I don’t read a whole lot of business books anymore, but I do like reading ones written by people who were actually there. The most recent one I read is Bob Iger’s Ride of a Lifetime, where he writes about his 40+ years at Walt Disney Company; including being CEO.
I’ve obsessed about Disney for a long time, so a book written by the CEO of Disney is very appealing to me. This is a leadership book, and good one. Leadership is not easy, and Bob Iger certainly doesn’t claim to be a master at it. But he sees it as a set of principles applied consistently can make anyone a great leader.
Here then are Bob Iger’s 10 principles necessary to true leadership:
- Optimism. One of the most important qualities of a good leader is optimism, a pragmatic enthusiasm for what can be achieved. Even in the face of difficult choices and less than ideal outcomes, an optimistic leader does not yield to pessimism. Simply put, people are not motivated or energized by pessimists.
- Courage. The foundation of risk-taking is courage, and in ever-changing, disrupted businesses, risk-taking is essential, innovation is vital, and true innovation occurs only when people have courage. This is true of acquisitions, investments, and capital allocations, and it particularly applies to creative decisions. Fear of failure destroys creativity.
- Focus. Allocating time, energy, and resources to the strategies, problems, and projects that are of highest importance and value is extremely important, and it’s imperative to communicate your priorities clearly and often.
- Decisiveness. All decisions, no matter how difficult, can and should be made in a timely way. Leaders must encourage a diversity of opinion balanced with the need to make and implement decisions. Chronic indecision is not only inefficient and counterproductive, but it is deeply corrosive to morale.
- Curiosity. A deep and abiding curiosity enables the discovery of new people, places, and ideas, as well as an awareness and an understanding of the marketplace and its changing dynamics. The path to innovation begins with curiosity.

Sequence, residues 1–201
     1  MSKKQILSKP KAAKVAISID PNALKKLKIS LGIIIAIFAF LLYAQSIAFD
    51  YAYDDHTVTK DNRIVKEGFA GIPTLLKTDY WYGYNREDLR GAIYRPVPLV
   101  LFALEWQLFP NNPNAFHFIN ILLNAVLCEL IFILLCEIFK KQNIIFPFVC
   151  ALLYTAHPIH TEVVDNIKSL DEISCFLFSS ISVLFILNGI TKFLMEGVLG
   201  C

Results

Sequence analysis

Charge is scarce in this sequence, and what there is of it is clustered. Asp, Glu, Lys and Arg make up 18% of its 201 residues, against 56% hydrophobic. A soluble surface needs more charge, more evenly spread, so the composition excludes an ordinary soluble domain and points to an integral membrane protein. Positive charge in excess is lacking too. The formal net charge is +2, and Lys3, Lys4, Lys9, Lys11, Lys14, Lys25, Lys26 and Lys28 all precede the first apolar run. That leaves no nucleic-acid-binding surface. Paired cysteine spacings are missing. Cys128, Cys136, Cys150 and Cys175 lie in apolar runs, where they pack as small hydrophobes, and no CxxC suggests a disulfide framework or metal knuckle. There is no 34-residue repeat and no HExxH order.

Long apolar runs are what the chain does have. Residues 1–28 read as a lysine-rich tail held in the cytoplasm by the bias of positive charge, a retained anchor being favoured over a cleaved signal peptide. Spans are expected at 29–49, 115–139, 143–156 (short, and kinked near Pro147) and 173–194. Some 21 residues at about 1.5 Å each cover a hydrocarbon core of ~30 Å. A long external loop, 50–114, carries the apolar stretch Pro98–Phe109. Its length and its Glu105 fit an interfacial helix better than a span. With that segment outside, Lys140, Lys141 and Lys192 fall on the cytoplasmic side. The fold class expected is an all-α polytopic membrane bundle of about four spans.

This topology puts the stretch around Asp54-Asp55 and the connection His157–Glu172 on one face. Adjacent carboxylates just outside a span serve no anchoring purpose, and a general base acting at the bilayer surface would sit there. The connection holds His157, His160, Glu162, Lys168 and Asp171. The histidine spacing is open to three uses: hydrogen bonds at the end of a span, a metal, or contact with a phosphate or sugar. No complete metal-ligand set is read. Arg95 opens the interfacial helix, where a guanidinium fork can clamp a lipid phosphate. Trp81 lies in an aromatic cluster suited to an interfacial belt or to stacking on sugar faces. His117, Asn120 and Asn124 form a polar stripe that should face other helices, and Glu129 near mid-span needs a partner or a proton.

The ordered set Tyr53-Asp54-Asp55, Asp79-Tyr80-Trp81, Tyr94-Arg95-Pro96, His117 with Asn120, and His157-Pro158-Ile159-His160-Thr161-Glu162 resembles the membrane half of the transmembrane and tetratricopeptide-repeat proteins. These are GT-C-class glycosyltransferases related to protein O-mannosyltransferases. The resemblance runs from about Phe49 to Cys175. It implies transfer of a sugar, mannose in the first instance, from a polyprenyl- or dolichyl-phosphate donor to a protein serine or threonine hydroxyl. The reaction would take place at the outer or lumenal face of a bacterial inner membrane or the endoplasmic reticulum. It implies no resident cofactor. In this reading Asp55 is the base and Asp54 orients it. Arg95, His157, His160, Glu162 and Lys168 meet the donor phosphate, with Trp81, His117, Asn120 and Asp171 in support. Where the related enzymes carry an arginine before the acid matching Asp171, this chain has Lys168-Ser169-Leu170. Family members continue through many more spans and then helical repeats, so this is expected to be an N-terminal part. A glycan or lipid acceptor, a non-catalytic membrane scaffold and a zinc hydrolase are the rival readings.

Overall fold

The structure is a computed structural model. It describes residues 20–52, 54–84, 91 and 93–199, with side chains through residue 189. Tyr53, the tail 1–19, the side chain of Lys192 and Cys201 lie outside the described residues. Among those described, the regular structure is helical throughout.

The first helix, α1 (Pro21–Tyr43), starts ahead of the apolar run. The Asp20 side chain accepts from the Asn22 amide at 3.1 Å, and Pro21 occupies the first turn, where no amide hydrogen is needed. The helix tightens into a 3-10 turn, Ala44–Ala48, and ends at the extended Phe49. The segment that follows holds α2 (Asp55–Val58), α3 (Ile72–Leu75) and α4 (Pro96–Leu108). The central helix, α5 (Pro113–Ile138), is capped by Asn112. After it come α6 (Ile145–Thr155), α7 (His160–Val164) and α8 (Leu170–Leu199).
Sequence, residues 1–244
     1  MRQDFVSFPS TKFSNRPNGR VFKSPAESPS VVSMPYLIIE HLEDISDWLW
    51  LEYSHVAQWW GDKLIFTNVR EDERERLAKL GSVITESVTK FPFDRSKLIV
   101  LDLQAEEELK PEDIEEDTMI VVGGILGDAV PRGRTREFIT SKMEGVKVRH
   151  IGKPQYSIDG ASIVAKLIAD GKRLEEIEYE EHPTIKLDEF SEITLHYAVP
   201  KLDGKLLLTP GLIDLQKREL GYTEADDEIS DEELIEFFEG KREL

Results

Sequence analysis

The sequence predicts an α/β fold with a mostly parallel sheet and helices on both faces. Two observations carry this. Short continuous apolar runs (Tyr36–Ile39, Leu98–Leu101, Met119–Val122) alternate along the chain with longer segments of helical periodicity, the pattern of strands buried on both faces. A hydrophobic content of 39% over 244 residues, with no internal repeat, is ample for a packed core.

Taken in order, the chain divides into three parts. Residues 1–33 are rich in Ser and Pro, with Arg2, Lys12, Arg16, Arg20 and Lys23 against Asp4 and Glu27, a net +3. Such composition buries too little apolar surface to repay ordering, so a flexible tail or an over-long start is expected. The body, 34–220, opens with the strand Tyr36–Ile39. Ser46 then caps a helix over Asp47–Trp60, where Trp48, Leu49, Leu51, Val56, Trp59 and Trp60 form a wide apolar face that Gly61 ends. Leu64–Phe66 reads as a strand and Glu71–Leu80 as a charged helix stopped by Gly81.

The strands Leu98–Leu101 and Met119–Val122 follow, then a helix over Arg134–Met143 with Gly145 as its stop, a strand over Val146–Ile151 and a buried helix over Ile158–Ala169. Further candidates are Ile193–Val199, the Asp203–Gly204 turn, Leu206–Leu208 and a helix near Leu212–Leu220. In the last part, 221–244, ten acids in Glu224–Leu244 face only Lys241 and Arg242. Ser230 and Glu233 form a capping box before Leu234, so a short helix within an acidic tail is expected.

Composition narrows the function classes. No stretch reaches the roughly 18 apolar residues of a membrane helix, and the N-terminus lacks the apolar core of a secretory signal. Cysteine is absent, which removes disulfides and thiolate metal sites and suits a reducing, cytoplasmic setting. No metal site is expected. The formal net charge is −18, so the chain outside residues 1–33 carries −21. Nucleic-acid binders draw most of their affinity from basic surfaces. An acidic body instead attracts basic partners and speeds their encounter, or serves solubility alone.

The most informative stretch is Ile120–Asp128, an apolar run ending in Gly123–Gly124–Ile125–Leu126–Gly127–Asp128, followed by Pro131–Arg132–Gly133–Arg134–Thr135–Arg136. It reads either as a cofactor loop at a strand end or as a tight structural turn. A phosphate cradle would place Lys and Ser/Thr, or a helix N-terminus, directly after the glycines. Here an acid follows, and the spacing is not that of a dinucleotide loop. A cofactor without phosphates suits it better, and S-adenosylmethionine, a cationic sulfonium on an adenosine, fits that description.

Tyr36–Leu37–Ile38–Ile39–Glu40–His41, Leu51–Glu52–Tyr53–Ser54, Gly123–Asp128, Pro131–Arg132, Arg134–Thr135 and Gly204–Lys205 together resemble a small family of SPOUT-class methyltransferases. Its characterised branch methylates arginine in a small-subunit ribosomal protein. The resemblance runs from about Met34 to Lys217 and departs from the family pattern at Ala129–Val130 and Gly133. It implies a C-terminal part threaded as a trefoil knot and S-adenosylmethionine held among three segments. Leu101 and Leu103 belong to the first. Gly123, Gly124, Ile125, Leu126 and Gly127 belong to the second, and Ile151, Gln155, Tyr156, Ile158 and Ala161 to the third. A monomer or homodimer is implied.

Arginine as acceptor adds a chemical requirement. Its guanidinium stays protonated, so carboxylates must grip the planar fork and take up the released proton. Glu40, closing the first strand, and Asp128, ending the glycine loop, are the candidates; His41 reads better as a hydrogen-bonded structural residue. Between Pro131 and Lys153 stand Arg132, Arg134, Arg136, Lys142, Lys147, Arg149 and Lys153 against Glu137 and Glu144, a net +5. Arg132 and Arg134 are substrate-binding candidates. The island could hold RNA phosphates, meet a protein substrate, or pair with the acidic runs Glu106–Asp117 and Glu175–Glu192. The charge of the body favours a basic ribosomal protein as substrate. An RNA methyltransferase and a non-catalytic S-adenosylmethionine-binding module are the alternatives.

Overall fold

- Fairness. Strong leadership embodies the fair and decent treatment of people. Empathy is essential, as is accessibility. People committing honest mistakes deserve second chances, and judging people too harshly generates fear and anxiety, which discourage communication and innovation. Nothing is worse to an organization than a culture of fear.
- Thoughtfulness. Thoughtfulness is one of the most underrated elements of good leadership. It is the process of gaining knowledge, so an opinion rendered or decision made is more credible and more likely to be correct. It’s simply about taking the time to develop informed opinions.
- Authenticity. Be genuine. Be honest. Don’t fake anything. Truth and authenticity breed respect and trust.
- The Relentless Pursuit of Perfection. This doesn’t mean perfectionism at all costs, but it does mean a refusal to accept mediocrity or make excuses for something being “good enough.” If you believe that something can be made better, put in the effort to do it. If you’re in the business of making things, be in the business of making things great.
- Integrity. Nothing is more important than the quality and integrity of an organization’s people and its product. A company’s success depends on setting high ethical standards for all things, big and small. Another way of saying this is: The way you do anything is the way you do everything.